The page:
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Clif's Book World

Adventures from reading books captured within short reviews.

The Big Short: Inside the Doomsday Machine - Michael Lewis, Jesse Boggs This is the best description so far of the inside story about the sub-prime mortgage crisis. Reading this book is like riding a time machine back a couple years, walking into the Wall Street offices and asking them, "What in the world were you thinking?" The story is told from the view point of several investors who were betting against the sub-prime mortgage industry. But there were so few other people who saw it their way that they kept second guessing their position because they couldn't understand why so few other people agreed with them. It's apparent that the vast majority of "experts" were totally oblivious to impending doom.

The book tells of one individual who visits numerous investment companies trying to get them to bet against the sub-prime mortgage industry, but almost nobody was willing to believe him. He even had a complete power point presentation explaining how buying credit default swaps (betting against sub-prime mortgages) was a virtual sure thing. Still, he convinced few people.

The book also tells of the owner of an investment company that shorted the home mortgage business, and the investors in his company wanted their money back. They thought he was crazy to bet against house prices continuing to go up. He refused to give their money back because he was highly leveraged and would experience large losses if he gave their money back. So the investors sued him. In the midst of this rancor the housing market collapsed and suddenly their investments increased 70 fold. In other words, a million dollar investment was suddenly worth 70 million. His investors had gone from a position of asking for a big loss to a position of receiving a tremendous gain. After it was over, not one of his investors apologized, said thank you, or said "You were right and I was wrong."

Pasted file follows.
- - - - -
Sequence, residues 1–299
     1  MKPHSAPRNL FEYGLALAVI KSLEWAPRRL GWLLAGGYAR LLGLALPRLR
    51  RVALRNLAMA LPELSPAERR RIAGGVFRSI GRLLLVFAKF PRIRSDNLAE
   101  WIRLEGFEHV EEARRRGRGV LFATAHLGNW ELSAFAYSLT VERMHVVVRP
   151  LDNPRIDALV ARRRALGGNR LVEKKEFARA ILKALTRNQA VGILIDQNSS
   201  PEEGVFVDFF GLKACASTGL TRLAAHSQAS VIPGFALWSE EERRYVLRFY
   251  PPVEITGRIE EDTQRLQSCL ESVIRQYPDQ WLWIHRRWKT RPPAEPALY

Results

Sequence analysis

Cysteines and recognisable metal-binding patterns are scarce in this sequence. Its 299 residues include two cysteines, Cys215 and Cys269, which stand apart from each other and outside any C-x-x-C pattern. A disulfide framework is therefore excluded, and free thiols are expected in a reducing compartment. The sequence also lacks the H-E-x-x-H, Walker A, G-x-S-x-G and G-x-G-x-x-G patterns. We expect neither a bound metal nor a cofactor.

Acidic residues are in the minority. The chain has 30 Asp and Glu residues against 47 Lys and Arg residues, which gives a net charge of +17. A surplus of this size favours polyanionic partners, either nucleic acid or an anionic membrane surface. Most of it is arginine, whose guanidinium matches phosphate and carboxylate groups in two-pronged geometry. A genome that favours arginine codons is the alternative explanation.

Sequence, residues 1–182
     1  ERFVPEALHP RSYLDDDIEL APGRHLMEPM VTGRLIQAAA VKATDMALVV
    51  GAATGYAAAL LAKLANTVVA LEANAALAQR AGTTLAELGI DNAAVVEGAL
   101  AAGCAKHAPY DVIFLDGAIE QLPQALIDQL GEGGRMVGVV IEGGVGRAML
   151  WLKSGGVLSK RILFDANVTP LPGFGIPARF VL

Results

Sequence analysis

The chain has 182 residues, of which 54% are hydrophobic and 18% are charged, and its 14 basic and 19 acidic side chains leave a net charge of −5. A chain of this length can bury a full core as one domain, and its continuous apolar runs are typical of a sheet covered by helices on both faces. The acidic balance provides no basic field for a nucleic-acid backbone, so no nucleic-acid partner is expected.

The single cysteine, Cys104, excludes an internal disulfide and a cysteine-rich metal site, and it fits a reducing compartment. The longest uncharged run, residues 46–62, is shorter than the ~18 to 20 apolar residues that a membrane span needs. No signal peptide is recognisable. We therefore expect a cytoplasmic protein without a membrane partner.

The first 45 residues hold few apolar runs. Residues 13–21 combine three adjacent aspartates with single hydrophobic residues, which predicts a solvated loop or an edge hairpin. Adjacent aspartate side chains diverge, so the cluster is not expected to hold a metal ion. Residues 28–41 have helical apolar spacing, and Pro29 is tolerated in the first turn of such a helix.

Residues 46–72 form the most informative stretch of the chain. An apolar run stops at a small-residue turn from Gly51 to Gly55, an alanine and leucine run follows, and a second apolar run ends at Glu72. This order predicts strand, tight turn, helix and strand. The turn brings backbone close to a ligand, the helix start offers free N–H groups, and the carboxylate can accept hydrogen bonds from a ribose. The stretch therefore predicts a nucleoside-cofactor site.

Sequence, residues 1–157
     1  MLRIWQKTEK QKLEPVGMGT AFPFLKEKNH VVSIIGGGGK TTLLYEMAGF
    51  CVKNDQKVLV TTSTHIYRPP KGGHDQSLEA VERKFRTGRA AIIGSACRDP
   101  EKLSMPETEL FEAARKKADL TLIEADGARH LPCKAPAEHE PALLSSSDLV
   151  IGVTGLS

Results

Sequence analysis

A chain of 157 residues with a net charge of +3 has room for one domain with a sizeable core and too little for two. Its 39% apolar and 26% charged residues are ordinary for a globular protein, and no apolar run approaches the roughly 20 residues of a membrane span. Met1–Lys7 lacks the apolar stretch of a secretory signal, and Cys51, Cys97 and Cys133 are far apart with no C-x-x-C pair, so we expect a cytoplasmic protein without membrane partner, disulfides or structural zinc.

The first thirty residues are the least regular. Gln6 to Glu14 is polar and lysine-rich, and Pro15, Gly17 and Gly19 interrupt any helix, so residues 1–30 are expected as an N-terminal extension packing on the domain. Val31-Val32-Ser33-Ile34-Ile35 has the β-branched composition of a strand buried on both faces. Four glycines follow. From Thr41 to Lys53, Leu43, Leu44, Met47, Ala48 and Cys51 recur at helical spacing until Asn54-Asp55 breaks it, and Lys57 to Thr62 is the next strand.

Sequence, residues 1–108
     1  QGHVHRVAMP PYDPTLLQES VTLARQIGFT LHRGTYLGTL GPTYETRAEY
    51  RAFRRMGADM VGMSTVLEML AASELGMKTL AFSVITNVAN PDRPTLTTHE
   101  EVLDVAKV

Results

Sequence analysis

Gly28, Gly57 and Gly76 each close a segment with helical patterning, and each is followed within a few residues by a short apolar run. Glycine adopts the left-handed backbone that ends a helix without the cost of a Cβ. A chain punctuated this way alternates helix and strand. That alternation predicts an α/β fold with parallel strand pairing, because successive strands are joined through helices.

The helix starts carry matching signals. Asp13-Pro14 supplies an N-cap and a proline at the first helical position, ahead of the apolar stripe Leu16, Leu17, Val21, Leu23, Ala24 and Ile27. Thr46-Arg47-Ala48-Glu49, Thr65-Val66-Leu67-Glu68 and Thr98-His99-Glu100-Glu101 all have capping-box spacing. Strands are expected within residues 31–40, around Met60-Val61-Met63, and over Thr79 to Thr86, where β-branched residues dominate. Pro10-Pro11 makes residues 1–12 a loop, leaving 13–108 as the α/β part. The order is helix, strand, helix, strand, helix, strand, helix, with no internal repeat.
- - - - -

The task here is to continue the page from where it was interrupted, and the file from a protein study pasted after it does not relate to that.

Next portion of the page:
The narrative of the book is structured to build suspense in the mind of the reader even though we all know what happens in the end. Michael Lewis did a good job writing this book. In the end he sums up by speculating why so many smart people were so stupid. It can be blamed on incentives and shedding of risks.